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Enhancing the efficiency of disc membrane chromatography modules by using a flow directing layer
- Madadkar, Pedram, Mahansaria, Riddhi, Mukherjee, Joydeep, Ghosh, Raja
- Journal of membrane science 2019 v.580 pp. 154-160
- cation-exchange membranes, chromatography, filters, laboratories, solutes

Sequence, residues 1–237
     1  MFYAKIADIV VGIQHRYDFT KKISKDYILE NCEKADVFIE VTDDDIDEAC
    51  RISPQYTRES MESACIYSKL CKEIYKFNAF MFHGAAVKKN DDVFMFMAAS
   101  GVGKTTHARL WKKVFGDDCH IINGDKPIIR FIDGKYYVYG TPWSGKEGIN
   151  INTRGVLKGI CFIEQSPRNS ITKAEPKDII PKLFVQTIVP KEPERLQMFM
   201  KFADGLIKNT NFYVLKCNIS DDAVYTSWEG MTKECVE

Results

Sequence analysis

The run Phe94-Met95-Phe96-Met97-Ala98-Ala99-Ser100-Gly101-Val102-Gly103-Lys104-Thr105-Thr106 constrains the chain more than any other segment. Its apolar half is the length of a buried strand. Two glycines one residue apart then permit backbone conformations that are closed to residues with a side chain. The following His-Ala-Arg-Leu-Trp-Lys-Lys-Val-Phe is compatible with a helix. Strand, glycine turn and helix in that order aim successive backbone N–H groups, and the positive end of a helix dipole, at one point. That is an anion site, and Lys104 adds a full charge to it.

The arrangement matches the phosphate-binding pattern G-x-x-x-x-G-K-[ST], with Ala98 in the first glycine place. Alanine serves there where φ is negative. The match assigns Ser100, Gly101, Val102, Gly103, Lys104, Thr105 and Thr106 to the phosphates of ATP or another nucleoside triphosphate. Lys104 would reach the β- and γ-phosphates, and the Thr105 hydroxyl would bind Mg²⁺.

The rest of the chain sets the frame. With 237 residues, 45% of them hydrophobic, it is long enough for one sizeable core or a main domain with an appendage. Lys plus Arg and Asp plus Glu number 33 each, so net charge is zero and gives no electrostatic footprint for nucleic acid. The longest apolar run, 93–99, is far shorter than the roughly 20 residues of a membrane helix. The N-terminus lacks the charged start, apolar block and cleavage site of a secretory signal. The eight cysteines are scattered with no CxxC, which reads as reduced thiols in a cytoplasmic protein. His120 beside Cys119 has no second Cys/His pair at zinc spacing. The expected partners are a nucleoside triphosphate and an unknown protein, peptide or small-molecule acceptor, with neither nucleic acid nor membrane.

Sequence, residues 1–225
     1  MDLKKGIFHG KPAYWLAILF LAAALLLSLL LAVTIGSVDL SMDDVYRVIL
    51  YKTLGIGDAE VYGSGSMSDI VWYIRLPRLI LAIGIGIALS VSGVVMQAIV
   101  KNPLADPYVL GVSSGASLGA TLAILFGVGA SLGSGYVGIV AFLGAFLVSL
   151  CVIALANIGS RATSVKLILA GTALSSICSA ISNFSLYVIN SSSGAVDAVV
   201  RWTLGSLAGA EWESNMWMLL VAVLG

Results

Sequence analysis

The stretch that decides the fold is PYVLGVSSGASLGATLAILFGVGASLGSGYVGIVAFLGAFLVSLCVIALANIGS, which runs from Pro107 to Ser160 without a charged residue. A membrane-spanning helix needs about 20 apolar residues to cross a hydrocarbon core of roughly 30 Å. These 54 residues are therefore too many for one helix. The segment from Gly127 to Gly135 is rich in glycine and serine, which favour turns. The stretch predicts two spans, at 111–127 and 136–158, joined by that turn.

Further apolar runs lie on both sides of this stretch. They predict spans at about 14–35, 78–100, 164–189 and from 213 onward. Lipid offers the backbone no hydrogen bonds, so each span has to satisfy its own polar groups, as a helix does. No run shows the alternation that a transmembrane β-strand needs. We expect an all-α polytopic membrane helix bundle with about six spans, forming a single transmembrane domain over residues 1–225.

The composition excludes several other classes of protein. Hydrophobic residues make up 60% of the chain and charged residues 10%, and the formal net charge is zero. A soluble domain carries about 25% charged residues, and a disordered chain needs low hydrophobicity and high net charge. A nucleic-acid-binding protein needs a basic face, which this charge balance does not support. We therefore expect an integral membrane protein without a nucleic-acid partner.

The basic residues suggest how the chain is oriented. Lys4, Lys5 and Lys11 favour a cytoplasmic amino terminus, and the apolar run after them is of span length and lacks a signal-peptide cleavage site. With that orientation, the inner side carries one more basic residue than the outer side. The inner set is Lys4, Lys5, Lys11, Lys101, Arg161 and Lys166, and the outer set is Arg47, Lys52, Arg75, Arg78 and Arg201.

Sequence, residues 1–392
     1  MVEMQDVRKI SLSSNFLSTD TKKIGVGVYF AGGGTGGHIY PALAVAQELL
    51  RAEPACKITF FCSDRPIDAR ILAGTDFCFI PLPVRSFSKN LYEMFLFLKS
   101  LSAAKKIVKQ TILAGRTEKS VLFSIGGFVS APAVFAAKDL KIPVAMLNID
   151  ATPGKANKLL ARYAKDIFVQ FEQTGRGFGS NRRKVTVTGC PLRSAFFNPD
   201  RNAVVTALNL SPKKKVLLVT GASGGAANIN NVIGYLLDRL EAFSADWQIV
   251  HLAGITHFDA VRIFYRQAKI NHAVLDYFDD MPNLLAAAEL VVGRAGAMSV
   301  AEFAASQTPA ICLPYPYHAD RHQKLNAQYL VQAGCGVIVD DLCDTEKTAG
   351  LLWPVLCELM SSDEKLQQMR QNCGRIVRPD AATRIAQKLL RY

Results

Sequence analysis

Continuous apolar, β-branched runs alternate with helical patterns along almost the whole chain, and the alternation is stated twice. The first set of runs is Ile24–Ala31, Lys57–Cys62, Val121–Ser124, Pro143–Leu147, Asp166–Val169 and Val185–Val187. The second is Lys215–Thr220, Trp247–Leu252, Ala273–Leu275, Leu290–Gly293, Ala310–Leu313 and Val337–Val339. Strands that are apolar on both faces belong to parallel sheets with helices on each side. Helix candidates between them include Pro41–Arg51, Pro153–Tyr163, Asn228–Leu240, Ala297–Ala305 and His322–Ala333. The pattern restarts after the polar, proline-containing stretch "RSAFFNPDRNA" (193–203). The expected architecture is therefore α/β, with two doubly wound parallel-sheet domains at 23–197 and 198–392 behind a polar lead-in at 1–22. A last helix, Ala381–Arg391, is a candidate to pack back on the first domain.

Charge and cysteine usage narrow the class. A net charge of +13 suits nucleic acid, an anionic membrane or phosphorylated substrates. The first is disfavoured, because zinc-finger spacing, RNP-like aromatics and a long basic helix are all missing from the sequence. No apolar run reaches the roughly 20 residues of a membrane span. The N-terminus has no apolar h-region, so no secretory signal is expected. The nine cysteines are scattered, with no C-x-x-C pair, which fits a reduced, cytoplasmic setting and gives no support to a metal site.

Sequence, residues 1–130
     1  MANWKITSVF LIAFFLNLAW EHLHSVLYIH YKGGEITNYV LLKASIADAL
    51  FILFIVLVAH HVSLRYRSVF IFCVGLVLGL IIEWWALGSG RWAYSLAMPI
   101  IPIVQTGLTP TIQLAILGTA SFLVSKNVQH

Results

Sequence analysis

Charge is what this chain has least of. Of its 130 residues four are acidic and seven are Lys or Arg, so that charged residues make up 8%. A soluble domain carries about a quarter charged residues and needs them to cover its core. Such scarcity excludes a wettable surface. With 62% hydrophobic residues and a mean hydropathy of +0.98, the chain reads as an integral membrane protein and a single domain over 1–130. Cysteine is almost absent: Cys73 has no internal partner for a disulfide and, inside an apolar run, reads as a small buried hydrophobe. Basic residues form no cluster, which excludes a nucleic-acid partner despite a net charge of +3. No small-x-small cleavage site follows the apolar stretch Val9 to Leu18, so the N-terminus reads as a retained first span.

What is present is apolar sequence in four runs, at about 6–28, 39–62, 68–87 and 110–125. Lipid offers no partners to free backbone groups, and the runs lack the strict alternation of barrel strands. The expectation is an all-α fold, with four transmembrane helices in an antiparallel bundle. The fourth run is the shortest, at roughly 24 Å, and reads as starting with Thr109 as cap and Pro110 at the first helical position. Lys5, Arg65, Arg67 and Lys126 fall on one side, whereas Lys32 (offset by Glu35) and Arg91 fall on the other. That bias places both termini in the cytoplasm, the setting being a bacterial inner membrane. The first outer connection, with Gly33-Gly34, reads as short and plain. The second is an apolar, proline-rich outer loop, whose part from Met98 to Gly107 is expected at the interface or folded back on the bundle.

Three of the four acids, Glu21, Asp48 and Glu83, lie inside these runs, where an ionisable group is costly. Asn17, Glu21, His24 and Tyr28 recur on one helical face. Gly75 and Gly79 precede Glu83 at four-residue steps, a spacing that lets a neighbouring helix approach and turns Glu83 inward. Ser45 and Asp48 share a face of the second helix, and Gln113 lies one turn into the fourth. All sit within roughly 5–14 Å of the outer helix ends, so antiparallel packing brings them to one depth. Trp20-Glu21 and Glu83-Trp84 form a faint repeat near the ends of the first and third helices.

- Disc membrane chromatography modules are widely used for laboratory-scale protein separations. These have high radial to axial aspect ratios, with the inlet and the outlet being located at the centre. This results in a huge variability in flow path lengths. Also, the radial velocity in the feed side header decreases very significantly in an outward direction, while that in the permeate side header increases in an inward direction. Therefore, the flow paths closer to the axis of the membrane disc have higher average velocity compared to those closer to the periphery. Consequently, the solute residence time distribution within the disc membrane chromatography module is very large, which results in broad flow-through and eluted peaks and early breakthrough of bound solutes. In this paper, we discuss a simple but effective solution to this problem which involves the incorporation of a flow directing layer (FDL) within the membrane module. The FDL could be placed either in the front or at the rear of the membrane disc. The presence of FDL results in equalization of path lengths within the module, leading to narrowing of residence time distribution, and thereby improvement in separation efficiency. Modules housing strong cation exchange membrane discs having two different bed volumes of 0.4 mL (40 mm diameter) and 4.7 mL (60 mm diameter) were designed and fabricated in-house. The impact of using FDL on both the front side (F-FDL) and the rear side (R-FDL) was investigated. The separation efficiency of the membrane modules was assessed using salt tracer experiments, breakthrough protein binding, and ternary protein separation carried out in the bind-and-elute mode. The results confirmed that the use of the FDL significantly enhanced the separation efficiency. In addition to membrane chromatography, this approach of using an FDL could be extended to other membrane disc based modules such as in-line and syringe filters and membrane reactors.